QUADRO Goes Science and Research

©Kertu - stock.adobe.com

In 2008, researchers from NASA sent rubber ducks down a glacier system in Greenland to track the movement of meltwater – which was supposed to provide clues on how fast a glacier would melt as a result of global warming. The hope was that the ducks would swim down the hidden channels inside the glacier and then reappear somewhere out at sea. Unfortunately, they were never seen again; the most likely explanation is that they got stuck beneath the ice.[1] A few years later, however, a team of researchers from Wales took the idea and improved it, instead relying on a “Cryoegg” and a jungle gym from QUADRO – with fantastic results. In this blog article, you’ll learn how everything is connected and how the researchers, while they might not save the world, are at least taking a step in the right direction.

© christiane65 – stock.adobe.com

One day back in 2018, an email from researcher Dr. Mike Prior-Jones – from Cardiff University in Wales, Department of Marine and Earth Sciences – appeared in the inbox of the team from QUADRO UK. He and his research group were planning an expedition to Greenland, and they needed QUADRO’s help. “Science and research?” we thought. “Of course we’re on board with that!” A few weeks later, Mike set off for the world’s largest island, located between the Arctic and Atlantic oceans – with a QUADRO jungle gym in tow.

The research team’s objective was to study the “pipelines” inside a glacier – a system of crevices, cracks, and water channels that aren’t visible from the outside. They collected data on the temperature, pressure, and electrical conductivity of the water flowing through the glacier bed. The researchers use such information to predict how much and in what way glaciers might retreat as a result of rising temperatures. This makes it easier to estimate how much sea levels will rise as a result of glacial melting.

A glacier mill © BauhoferProductions - stock.adobe.com

Previously, data was collected using sensors attached to cables that were lowered down moulins (also known as glacier mills). A glacier mill is kind of like a big bathtub drain, where meltwater from the surface of the glacier flows downward in a rotating motion through a kind of channel. But since the water flows through them with increasing speed, the cables have always become entangled or broken in the past. To prevent this from happening again, Mike Prior-Jones and Liz Bagshaw from Cardiff University developed a cordless glacier sensor, the “Cryoegg,” which transmits information from inside the glacier wirelessly and in real time.

Inside the Cryoegg (left). The QUADRO jungle gym with the antenna (right) © Mike Prior-Jones, Cambridge University Press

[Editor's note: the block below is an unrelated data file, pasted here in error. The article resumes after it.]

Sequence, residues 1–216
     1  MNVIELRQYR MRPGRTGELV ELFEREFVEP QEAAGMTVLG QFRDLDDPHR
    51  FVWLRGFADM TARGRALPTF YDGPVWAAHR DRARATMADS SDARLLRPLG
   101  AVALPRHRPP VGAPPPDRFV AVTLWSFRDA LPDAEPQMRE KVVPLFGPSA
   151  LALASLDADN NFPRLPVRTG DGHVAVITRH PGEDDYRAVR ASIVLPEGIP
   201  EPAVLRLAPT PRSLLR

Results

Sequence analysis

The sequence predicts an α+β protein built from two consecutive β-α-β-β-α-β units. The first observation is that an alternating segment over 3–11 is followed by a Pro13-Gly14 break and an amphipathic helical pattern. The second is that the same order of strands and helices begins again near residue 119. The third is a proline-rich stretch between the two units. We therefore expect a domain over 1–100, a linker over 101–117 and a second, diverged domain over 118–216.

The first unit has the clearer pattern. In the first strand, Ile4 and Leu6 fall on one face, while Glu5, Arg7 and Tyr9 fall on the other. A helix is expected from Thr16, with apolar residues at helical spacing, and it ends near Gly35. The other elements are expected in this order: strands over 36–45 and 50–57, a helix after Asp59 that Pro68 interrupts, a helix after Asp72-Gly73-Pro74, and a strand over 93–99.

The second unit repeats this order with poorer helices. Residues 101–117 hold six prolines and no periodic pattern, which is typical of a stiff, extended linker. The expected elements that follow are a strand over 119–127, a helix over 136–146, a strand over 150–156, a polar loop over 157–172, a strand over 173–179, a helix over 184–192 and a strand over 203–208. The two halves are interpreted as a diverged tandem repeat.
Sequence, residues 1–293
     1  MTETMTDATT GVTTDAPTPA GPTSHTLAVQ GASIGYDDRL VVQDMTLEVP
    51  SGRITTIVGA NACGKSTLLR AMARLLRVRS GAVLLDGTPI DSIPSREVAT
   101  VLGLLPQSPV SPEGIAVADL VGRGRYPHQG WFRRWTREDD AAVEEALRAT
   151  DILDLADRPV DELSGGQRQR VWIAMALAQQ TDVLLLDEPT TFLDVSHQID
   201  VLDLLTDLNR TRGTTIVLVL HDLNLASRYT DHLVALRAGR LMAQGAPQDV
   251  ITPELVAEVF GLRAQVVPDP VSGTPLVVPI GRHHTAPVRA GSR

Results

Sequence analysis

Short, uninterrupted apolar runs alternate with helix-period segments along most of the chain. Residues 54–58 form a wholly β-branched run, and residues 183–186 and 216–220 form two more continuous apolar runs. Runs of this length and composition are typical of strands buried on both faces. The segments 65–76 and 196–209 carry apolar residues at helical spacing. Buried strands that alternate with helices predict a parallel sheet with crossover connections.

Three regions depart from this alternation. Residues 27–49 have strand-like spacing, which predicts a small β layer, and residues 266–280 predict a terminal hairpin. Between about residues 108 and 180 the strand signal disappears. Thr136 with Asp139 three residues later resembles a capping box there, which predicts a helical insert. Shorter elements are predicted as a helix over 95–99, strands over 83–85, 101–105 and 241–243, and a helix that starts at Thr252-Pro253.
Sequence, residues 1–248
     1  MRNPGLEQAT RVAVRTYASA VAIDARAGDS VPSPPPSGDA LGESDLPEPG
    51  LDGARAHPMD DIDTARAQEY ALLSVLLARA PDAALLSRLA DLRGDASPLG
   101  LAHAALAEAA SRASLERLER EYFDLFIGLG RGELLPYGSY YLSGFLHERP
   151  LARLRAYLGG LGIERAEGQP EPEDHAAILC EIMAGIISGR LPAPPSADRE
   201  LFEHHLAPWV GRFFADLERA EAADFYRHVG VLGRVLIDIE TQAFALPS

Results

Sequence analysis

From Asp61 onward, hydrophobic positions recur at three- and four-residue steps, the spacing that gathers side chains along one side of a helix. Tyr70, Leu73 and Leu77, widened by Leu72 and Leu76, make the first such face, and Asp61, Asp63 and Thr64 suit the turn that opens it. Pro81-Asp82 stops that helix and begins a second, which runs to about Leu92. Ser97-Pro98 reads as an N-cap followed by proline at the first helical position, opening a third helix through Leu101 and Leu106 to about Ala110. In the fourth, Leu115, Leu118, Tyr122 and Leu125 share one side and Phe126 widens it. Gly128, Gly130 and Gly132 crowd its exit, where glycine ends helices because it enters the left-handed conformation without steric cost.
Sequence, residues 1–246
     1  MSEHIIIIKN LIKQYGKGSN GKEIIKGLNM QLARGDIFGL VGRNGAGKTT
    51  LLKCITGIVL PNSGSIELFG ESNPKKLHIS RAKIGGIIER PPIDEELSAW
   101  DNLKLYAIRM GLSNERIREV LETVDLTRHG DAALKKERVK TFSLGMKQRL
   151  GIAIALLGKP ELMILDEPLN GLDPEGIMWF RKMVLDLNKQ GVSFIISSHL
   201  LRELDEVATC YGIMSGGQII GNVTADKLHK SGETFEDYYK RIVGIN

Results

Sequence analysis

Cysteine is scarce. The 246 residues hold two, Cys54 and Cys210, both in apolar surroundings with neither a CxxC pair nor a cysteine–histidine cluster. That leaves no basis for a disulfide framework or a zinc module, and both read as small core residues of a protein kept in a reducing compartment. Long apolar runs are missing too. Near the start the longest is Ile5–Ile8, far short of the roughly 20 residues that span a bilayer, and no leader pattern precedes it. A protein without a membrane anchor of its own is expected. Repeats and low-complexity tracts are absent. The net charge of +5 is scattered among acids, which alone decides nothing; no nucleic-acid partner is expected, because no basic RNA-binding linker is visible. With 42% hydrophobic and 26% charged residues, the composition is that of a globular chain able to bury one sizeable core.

The sensor itself is embedded in a sphere made of engineering grade plastic and works similar to the smart meters we’re familiar with from the latest generation of residential heating systems that can be read remotely. Once in position 1.3 kilometers below ground, the Cryoegg then transmits data to an antenna on the surface of the ice.

And this is where QUADRO comes in. “How can we install the antenna so that it won’t be affected by the extreme weather conditions in Greenland?” the scientists asked themselves. A quick search on the Internet revealed that a jungle gym from QUADRO would be the best option for what they were trying to achieve. Mike reached out to us – and together we developed a frame that could be used to hold the antenna. His colleagues jaws dropped when they saw the frame in action – even though they know from their prior work that you constantly have to improvise because there aren’t any ready-made solutions.

The Cryoegg on the QUADRO workbench © Mike Prior-Jones, Cambridge University Press

In the end, the QUADRO jungle gym turned out to be the perfect solution – the frame was strong enough to support the weight of the antenna, but at the same time flexible, which is by no means insignificant when dealing with an uneven surface made of ice. The structure easily withstood the temperatures in Greenland. The team faced a critical situation only once, when a gust of wind toppled the entire structure because it hadn’t been anchored to the ground firmly enough beforehand. But to the scientist’s great surprise – and relief – the antenna was protected by QUADRO’s cage structure and remained intact. Now if that isn’t proof that QUADRO jungle gyms can take a beating!

© Mike Prior-Jones, Cambridge University Press

In addition to holding and protecting the antenna, the scientists also often used parts of the QUADRO structure as camping chairs or workbenches – depending on what they needed at the time. They were thoroughly impressed with the jungle gym’s versatility, and one thing was clear: they wanted THAT for their children at home, too! After all, if a QUADRO jungle gym can withstand the harsh conditions in Greenland, surviving the winter out in the yard back home would be a walk in the park. A structure that doesn’t even collapse during gale force winds will definitely hold up when happy kids are playing on it. We know this is true – and now the scientists from Cardiff University do, too. And who knows, maybe NASA’s rubber ducks will turn up someday after all, as a kind of message in a bottle from the past?

Mike Prior-Jones at the QUADRO workbench © Mike Prior-Jones, Cambridge University Press

Are you interested in other research projects using QUADRO? Check out the QUADRO Submarine.

Want to learn more about the project?

Check out the Cryoegg study here.

And you can read Mike’s blog post about the project here.

And even the BBC reported on the Cryoegg project and QUADRO.

Photo credits

Jonathan Amos: BBC, Explorers dive under Greenland ice. 12/21/2008.

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